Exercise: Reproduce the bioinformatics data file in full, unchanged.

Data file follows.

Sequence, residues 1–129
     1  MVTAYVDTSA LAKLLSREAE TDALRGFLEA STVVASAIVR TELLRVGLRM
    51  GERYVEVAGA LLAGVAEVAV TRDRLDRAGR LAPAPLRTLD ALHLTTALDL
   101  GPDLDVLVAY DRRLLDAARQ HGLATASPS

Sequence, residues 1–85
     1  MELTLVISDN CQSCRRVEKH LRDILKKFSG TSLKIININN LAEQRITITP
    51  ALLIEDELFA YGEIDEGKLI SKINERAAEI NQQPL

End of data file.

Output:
Sequence, residues 1–129
     1  MVTAYVDTSA LAKLLSREAE TDALRGFLEA STVVASAIVR TELLRVGLRM
    51  GERYVEVAGA LLAGVAEVAV TRDRLDRAGR LAPAPLRTLD ALHLTTALDL
   101  GPDLDVLVAY DRRLLDAARQ HGLATASPS

Sequence, residues 1–85
     1  MELTLVISDN CQSCRRVEKH LRDILKKFSG TSLKIININN LAEQRITITP
    51  ALLIEDELFA YGEIDEGKLI SKINERAAEI NQQPL